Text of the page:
Originally called Noodle’s Island, East Boston was once comprised of five islands connected by marshland. Today, many people identify East Boston as the location of Logan International Airport, but it is really much more than that. From colonial times through the late twentieth century, the neighborhood of East Boston has experienced significant developments in the fields of city planning, transportation, and urban development. Until the nineteenth century, East Boston was a rural community whose land was used for grazing and firewood. The East Boston Company was incorporated by William Hyslop Sumner in 1833 to plan the residential and commercial growth of this Boston neighborhood. Connecting East Boston to the city were various modes of transportation including ferries, railroads, and an underground streetcar tunnel. In the 1920s, construction of the Boston Airport, later Logan International Airport, was begun.
When Caleb Carr, one of the 101 men who purchased Conanicut and Dutch Islands in 1657, petitioned the General Assembly to incorporate Jamestown in 1678, the town had 150 inhabitants. The community thrived until the American Revolution, when the British occupation drove away many people. Nicholas Carr and John Eldred both remained, rebelling in their own ways. The town recovered slowly, and its character changed with modernized modes of transportation. Steam ferries, introduced in 1873, ushered in an era of resort hotels, affluent summer visitors, and a service economy. The West Passage bridge in 1940 brought permanent residents with off-island occupations and interests. The East Passage bridge (1969) and the replacement West Passage bridge (1992) created a suburban atmosphere enlivened by a continuing influx of summer vacationers. Most newcomers revel in the island’s beauty and are intent on keeping Jamestown the peaceful haven that attracted them.
The land now called Concord was originally inhabited by the Abenaki people and the Penacook tribe. Concord’s first settlers, such as Ebenezer Eastman, began laying out the Plantation of Penacook, as it was known in 1725, along the fertile fields of the Merrimack River. It was incorporated in 1734 as Rumford and then renamed to Concord by Gov. Benning Wentworth in 1765. Concord experienced a surge in transportation and manufacturing in the 19th century, producing the Concord Coaches, Prescott Pianos, and steam boilers. As Concord celebrates its 250th anniversary, the city flourishes as the state capital and has a thriving community of restaurants, entertainment, and culture for all to enjoy. It retains its town sensibility as it plans for the continued growth of the local economy. Today’s civic leaders, like Byron Champlin and James Carroll, work conjointly with business leaders, such as Tom Arnold of Arnie’s and Juliana Eades of the New Hampshire Community Loan Fund, to build and enhance Concord’s cultural, social, and economic identity.
Newton has more than enough legendary locals to fill volumes of books. Endless are the stories about men, women, and young people who dedicated, or still dedicate, countless hours of their lives in order to make Newton and the world a better place. Newton has been a launching ground for award-winning authors, Nobel Prize winners, Olympic medalists, and Hollywood stars. Some of Boston’s best athletes have chosen to make “the Garden City” their home. In the pages of this book, readers will learn about Newton’s first mayor, James Hyde, who never lost an election in more than 50 times on the ballot; Rev. Edmond Kelley, the first pastor at Myrtle Baptist Church and a former slave; Leonard Zakim, regional director of the Anti-Defamation League who dedicated his life to fighting prejudice and civil rights violations; Louise Bruyn, who walked from Newton to Washington, DC, to protest the Vietnam War; Shirley Lewis, known as the “regal queen of the blues”; and Ted Williams, regarded as baseball’s greatest hitter, who lived in Newton Upper Falls.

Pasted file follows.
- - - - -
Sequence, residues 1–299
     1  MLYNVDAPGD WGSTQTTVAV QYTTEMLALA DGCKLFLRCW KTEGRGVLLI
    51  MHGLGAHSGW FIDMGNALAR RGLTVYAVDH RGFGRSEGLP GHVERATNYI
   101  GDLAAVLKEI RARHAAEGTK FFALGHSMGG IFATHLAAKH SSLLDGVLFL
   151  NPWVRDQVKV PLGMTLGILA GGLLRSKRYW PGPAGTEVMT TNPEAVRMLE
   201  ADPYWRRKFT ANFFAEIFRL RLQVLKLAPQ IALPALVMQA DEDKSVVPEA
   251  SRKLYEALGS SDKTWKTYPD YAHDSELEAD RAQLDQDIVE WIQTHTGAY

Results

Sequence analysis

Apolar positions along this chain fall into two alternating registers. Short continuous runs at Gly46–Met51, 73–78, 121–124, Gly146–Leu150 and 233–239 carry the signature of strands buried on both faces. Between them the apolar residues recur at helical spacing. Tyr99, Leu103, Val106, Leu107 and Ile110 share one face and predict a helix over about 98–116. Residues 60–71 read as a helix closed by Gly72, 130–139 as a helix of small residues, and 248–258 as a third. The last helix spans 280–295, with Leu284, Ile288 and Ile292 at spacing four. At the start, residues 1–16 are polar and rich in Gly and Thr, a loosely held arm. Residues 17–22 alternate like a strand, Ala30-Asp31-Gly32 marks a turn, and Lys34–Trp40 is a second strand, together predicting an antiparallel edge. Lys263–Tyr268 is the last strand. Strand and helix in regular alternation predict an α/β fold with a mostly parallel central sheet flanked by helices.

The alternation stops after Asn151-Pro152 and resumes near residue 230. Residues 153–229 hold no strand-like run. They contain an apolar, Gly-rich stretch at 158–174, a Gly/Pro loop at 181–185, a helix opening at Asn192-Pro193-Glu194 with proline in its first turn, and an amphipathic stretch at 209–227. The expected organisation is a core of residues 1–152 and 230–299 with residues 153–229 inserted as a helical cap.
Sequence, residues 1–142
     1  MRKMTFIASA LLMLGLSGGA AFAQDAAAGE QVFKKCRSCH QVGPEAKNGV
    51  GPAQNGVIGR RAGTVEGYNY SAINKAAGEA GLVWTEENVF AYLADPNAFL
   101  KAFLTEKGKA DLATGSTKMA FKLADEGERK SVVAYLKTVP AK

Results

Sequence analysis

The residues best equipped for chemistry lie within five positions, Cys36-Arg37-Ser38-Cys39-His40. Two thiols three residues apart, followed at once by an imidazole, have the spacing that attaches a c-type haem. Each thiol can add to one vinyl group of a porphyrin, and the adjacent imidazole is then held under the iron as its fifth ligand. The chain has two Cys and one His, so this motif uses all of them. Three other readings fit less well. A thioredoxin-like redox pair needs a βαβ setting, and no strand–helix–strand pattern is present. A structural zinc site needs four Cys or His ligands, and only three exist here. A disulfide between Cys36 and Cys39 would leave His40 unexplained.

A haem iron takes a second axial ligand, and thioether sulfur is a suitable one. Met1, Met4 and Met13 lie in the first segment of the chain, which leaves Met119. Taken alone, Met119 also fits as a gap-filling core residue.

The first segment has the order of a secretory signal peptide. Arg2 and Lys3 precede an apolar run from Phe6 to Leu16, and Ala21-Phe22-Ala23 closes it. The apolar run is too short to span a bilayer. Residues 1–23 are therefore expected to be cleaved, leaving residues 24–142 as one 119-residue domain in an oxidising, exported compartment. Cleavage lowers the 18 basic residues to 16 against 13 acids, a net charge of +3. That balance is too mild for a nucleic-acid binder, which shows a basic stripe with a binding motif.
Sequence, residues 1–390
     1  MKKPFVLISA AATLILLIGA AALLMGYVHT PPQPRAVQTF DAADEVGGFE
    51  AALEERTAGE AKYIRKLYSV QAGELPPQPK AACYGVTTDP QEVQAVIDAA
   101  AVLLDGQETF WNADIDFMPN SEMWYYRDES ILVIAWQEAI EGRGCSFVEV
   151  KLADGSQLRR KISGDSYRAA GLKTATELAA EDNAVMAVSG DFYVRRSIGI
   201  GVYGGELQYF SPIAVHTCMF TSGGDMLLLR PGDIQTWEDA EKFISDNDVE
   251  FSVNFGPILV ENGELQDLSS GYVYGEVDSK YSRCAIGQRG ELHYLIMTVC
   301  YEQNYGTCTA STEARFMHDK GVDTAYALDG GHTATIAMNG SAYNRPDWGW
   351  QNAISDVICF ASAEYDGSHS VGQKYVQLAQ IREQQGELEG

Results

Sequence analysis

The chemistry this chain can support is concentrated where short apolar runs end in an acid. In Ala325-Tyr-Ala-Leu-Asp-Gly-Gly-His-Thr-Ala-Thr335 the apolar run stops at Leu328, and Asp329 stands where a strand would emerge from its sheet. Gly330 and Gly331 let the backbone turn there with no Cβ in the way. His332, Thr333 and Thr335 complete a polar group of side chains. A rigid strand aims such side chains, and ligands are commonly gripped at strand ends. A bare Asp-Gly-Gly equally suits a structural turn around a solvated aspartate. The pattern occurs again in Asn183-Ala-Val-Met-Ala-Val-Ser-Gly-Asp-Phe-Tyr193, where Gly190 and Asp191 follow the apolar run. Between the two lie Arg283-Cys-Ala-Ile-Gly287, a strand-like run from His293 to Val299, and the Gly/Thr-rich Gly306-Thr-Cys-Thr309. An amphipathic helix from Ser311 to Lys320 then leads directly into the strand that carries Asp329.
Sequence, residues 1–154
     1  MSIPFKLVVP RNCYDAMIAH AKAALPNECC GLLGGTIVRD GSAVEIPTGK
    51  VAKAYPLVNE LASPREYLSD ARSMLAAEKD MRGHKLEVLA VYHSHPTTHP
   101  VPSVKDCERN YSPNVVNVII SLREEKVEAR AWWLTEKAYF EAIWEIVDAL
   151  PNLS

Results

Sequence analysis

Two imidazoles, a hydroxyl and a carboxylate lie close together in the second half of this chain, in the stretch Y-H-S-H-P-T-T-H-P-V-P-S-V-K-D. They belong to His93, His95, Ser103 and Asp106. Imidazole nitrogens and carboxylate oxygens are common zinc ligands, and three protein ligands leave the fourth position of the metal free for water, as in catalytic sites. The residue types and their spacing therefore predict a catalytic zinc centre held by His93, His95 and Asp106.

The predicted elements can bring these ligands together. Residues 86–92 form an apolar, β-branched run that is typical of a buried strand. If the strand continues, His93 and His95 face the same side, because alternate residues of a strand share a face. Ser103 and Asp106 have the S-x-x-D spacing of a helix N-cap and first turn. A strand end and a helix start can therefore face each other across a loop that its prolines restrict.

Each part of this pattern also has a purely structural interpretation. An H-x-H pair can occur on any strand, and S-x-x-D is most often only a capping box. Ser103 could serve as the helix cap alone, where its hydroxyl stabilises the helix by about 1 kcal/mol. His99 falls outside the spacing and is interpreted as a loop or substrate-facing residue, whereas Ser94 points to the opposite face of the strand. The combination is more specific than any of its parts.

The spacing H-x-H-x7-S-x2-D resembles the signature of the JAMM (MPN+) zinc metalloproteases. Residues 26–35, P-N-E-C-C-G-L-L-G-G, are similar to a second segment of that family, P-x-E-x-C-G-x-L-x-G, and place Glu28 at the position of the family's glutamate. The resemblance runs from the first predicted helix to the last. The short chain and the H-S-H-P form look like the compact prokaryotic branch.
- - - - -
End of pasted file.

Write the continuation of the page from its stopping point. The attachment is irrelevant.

The story of Bristol is the story of America, played out on the small stage of a lobster claw–shaped peninsula at the heart of Narragansett Bay. From the massacre and displacement of the first Americans to the rise of the merchant class; exploration; slavery; war and peace; the Industrial Revolution; waves of immigration—all these wildly disparate facets of the American experience have been represented and reflected within these 20 square miles. Bristol has been home to patriots and pirates; ministers and murderers; captains who dominated at the helms of whalers, battleships, and 12-meter sailboats; larger-than-life industrialists; Hollywood and Broadway royalty; artists, writers, musicians, and culinary visionaries. But the bulk of the threads in Bristol’s remarkable tapestry are not bold-colored silk, bright metallic, or rich cashmere—most are simple and natural, unremarkably structured and hued, but each one quietly doing its part to form the strong, tightly-woven foundation of this very special place.